While big wave surfing has progressed by leaps and bounds over the past 10 years, big wave bodysurfing still exists on the fringes. In fact, outside of Nazare resident Kalani Lattanzi, you’d probably be hard-pressed to name another person who swims out into XL waves on a regular basis. But they do exist, often braving life-threatening conditions with little or no fanfare, simply doing it because they love it.
The Hijo del Mar is one of those madmen—a dedicated big-wave bodysurfer who spends most of his time exploring the outer reefs of Lanzarote, kicking his way into watery beasts out of either passion, obsession, or a little bit of both. We decided we wanted to know more about the Canary Island’s gnarliest bodysurfer, so we got him on the line to find out why he does what he does, and where he got such an apt nickname.
Forecast: Canary Islands
Tell us a bit about the Hijo del Mar. Who are you, where did you grow up, and how did you end up bodysurfing huge waves in the Canary Islands?
My name is Ahmed Erraji, I am 39 years old, and I am a big wave bodysurfer, vegan and ocean activist. I was born in Rabat (Morocco), and the nickname “Son of the Sea” was given to me by my grandmother when I was five years old. I started to catch waves without a board at the age of sven, although my first experience with the water was two years before that, falling by accident from an eight-meter river bridge.
Lanzarote is breathtakingly beautiful, impressive, and fascinating! It has a tropical climate, wonderful people, and big waves. The Canary Islands are a treasure of the Atlantic, and that's why I'm here.
There aren't too many guys trying to bodysurf XL+ waves, so I would assume you are out there alone a lot of the time. Is that part of the appeal, or do you wish you had more people joining you?
When the swell is huge, I usually paddle out with locals surfers like Lezcano, Monchi, and Mariano. But when it comes to bodysurfing, usually it is just me. As far as I know, there isn’t anyone else trying to bodysurf XL waves. It is not easy to bodysurf in extreme conditions.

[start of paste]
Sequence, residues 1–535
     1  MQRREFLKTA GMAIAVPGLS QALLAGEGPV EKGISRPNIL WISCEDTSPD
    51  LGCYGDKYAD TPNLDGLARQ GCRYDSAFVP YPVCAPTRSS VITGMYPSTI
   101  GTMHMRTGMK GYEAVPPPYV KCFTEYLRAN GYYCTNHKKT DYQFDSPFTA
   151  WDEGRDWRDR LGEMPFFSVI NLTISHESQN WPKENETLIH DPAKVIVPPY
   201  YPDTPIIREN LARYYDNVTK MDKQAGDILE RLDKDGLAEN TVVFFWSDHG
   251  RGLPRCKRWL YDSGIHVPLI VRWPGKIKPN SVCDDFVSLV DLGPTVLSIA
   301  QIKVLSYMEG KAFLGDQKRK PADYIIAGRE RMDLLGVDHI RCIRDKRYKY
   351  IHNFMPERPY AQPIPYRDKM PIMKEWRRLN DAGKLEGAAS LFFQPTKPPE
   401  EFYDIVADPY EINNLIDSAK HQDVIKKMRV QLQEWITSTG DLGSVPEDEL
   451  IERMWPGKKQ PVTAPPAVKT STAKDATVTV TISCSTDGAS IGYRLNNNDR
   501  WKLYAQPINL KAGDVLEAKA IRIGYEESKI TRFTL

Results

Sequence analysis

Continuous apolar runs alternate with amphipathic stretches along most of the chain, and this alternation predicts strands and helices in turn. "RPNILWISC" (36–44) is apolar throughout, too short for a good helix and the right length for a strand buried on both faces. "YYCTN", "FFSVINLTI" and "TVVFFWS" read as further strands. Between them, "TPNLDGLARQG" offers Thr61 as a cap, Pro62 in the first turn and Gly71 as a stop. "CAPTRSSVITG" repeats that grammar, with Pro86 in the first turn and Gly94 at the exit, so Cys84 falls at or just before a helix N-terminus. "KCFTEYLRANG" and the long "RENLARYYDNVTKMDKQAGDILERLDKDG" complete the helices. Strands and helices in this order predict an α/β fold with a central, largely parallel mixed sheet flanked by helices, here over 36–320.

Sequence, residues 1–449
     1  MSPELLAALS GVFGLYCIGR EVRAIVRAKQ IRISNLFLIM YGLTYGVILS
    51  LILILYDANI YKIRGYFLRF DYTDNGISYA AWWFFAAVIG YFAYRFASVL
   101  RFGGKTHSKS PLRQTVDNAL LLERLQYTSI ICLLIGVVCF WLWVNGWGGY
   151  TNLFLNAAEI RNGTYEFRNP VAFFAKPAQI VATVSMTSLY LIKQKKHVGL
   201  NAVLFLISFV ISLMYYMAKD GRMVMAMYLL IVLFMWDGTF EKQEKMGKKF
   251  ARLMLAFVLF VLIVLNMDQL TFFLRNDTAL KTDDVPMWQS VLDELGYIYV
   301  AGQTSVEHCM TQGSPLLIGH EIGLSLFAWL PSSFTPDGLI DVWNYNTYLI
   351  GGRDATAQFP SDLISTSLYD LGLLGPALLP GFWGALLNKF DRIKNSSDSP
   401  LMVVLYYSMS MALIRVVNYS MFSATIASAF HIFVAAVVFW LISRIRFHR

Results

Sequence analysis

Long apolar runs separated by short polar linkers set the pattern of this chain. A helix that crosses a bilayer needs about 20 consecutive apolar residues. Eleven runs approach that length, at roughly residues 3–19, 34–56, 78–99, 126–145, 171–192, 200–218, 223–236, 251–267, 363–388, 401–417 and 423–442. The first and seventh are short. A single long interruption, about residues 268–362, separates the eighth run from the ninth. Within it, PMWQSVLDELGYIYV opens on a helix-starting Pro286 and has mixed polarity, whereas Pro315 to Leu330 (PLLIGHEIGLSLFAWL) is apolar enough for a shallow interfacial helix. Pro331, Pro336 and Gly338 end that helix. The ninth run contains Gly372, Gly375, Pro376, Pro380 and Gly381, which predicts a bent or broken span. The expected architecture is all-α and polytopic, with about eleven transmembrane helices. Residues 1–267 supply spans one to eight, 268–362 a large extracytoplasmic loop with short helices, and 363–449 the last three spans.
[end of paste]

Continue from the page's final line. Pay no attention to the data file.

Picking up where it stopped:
The spots here are super intimidating, and often provide a big reality check. Rip currents, slabs, rocks, and difficult access all make it difficult. You spend a lot of energy just swimming one mile to the peak while battling the elements. These places make you realise how tiny you and your problems are. Being completely in nature’s hands makes you feel alive. It is Mother Nature at her rawest.
Spot guide: Lanzarote.
Do you find that it is scarier approaching big waves without a board?
It is a lot of physical work, because there is no board to float on. The wipeouts are heavy. I don't use an inflatable vest, so the apnea aspect really comes into play. Last season a huge wave catapulted me several meters and I dislocated my shoulder.
Are you also bodysurfing smaller slabs, or mostly just the outer reefs?
Both of them. I bodysurf anything that produces adrenaline. Here in Lanzarote there are lots of big waves that break on shallow reefs as well.
What's the biggest waves you have been out in with just your fins? What about the biggest wave you have caught?
I have a few beautiful memories. One of them is in "La Punta Bra" in Lanzarote, where I rode an XXL wave that seemed like a tsunami invading the village Lasanta.
What is the end goal for you? Are you trying to set a record, or just out there having fun?
I’m not trying to break any records. The way I see it, either you’re going for it or you’re not—and I don’t want caught somewhere in the middle. The ocean is a reflection of my energy, my joy ,my calm, my behaviour. I push the limits because I feel everything connected: the love, the empathy, the ability, and the power.
You are also an ocean activist. What is your focus there?
Nowadays, man seems to be fighting to dominate and exploit nature. But here in Lanzarote there is so much energy that it teaches you to be honest with yourself and with Mother Nature, and to live a life in accordance with your personal values.
I became a vegan for the environment and for my health, but also out of respect for animals. Empathy has a number of definitions, but at its simplest it is the ability to appreciate and respond to the feelings of other beings. When one of us suffers, we all suffer, and that is true of all living things. I feel compelled to protect the environment and the animals, and advocate for them as much as possible